ODF offers continuity: ODF has a clear path forward, and is actively maintained by OASIS. There is an ODF 1.0 which is an ISO standard, and an ODF 1.2 (backward compatible with ODF 1.0) which is in the process of becoming an ISO standard. Standards definitions, by their own nature, move slowly. This is the reason why LibreOffice is compatible with both ODF 1.0 and ODF 1.2.
Open source software and non-proprietary, fully documented open standards are also demanded by archive experts when they are asked how to achieve sustainability for digital documents:
Your digital assets will always outlive your software and the vendors, say Lundell and his colleague Jonas Gamalielsson in a university study. The Swedish archiving association TAM-Arkiv goes even further:
Never use vendor-dependent formats for long-term storage if you can avoid it, because they are often too unstable, too unstructured, and with dependencies to different suppliers’ business strategies.
Microsoft OOXML, on the other hand, has never been fully implemented by a vendor in accordance with the standard ISO definition, and is not even actively maintained by ECMA International (because that organisation does not focus on document standards as much as OASIS does). Unfortunately, in the market there are more OOXML documents than ODF documents.
Patrick Durusau, Co-Chair of the ODF Technical Committee, points out the dangers that arise from using a standard that is not truly vendor-neutral:
Another argument is that lots of applications supporting the same format makes the format safer for legacy purposes. If some or most vendors decide to drop support for an older format, [it’s] not a problem because you still have choices for the earlier format. When Microsoft drops support for anything in its format, you simply don’t have access to that feature any more. That may be a more telling argument, especially in governments because they have lots of legacy stuff now and will have many more legacy documents in the future.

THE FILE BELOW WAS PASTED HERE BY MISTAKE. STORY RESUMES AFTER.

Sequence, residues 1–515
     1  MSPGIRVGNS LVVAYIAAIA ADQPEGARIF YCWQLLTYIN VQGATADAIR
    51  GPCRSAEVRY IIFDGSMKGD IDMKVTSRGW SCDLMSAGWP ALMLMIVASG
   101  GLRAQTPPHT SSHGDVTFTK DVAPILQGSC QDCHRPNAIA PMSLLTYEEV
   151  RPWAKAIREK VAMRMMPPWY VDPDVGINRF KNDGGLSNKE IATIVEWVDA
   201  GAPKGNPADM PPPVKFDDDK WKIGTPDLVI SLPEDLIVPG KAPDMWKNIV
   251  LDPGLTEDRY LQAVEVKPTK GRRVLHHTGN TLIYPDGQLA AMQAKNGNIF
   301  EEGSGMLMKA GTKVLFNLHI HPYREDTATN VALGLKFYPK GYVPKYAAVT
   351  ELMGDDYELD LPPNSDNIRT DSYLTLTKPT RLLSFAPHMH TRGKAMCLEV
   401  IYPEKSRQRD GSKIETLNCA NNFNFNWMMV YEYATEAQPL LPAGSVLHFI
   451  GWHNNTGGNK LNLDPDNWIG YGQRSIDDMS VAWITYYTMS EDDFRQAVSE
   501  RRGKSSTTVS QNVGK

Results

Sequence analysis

With multiple full implementations, ODF gives users a choice of implementers, and safety in terms of future support. The huge number of recently developed import/export filters in Open/LibreOffice also bolster Durusau’s argument.
The ODF Alliance has gone even further, alleging deceit in Microsoft’s strategy:
The fact that the company is not implementing OOXML Strict, while privately extending Transitional, means that the improvements required to make OOXML acceptable to ISO are now being ignored. According to the ODF Alliance, back in 2010 the convenor of the OOXML Ballot Resolution Meeting declared that:
the entire OOXML project is now surely heading for failure.
More and more, public administrations are switching to free and open source software and benefitting from the OSS development model. The trend is clear from the increasing number of examples mapped by the European Commission’s Open Source Observatory and Repository:
Everywhere in Europe municipalities are showing how they can save taxpayers’ money by rejecting Microsoft licences and using Apache OpenOffice or LibreOffice.
However, wherever public administrations rid themselves of office suite lock-ins they are confronted by interoperability issues between the free and open source office suites and the ubiquitous proprietary alternative. With the IT market dominated by a single proprietary office suite and failing to focus on an unambiguous document standard, public administrations are missing out on the benefits of standardisation. This was shown by Tineke Egyedi, a specialist on standardisation issues at Delft University of Technology in the Netherlands, in her 2012 paper on the competing document standards. Egyedi points out that the arrival of the OOXML standard prolongs vendor lock-in and increases costs to governments that are forced to support both standards.
And Juan Conde, head of the open source project in the administration of Spain’s autonomous region of Andalusia, points out that the document standards aren’t the only problems. There are more issues that make documents difficult to transport from one operating system to another, including font sizes and the unavailability of certain fonts on Linux. But as he says: